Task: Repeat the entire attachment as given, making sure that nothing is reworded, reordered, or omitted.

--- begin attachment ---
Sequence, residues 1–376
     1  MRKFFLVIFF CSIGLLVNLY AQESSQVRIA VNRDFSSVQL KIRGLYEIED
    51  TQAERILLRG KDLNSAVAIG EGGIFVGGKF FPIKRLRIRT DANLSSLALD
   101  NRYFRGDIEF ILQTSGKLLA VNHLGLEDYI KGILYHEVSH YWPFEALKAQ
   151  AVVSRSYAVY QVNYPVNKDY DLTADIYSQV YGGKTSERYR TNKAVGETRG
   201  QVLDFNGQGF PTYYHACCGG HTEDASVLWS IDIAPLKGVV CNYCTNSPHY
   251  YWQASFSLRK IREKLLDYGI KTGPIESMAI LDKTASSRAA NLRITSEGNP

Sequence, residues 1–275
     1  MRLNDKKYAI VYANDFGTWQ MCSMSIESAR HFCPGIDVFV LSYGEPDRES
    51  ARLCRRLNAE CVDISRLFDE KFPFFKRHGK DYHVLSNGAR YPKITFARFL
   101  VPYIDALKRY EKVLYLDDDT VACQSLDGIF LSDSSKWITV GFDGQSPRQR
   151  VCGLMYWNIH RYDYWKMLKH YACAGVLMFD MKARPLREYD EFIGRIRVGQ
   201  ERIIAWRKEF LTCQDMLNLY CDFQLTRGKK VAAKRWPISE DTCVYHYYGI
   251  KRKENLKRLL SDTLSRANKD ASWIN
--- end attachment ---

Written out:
Sequence, residues 1–376
     1  MRKFFLVIFF CSIGLLVNLY AQESSQVRIA VNRDFSSVQL KIRGLYEIED
    51  TQAERILLRG KDLNSAVAIG EGGIFVGGKF FPIKRLRIRT DANLSSLALD
   101  NRYFRGDIEF ILQTSGKLLA VNHLGLEDYI KGILYHEVSH YWPFEALKAQ
   151  AVVSRSYAVY QVNYPVNKDY DLTADIYSQV YGGKTSERYR TNKAVGETRG
   201  QVLDFNGQGF PTYYHACCGG HTEDASVLWS IDIAPLKGVV CNYCTNSPHY
   251  YWQASFSLRK IREKLLDYGI KTGPIESMAI LDKTASSRAA NLRITSEGNP

Sequence, residues 1–275
     1  MRLNDKKYAI VYANDFGTWQ MCSMSIESAR HFCPGIDVFV LSYGEPDRES
    51  ARLCRRLNAE CVDISRLFDE KFPFFKRHGK DYHVLSNGAR YPKITFARFL
   101  VPYIDALKRY EKVLYLDDDT VACQSLDGIF LSDSSKWITV GFDGQSPRQR
   151  VCGLMYWNIH RYDYWKMLKH YACAGVLMFD MKARPLREYD EFIGRIRVGQ
   201  ERIIAWRKEF LTCQDMLNLY CDFQLTRGKK VAAKRWPISE DTCVYHYYGI
   251  KRKENLKRLL SDTLSRANKD ASWIN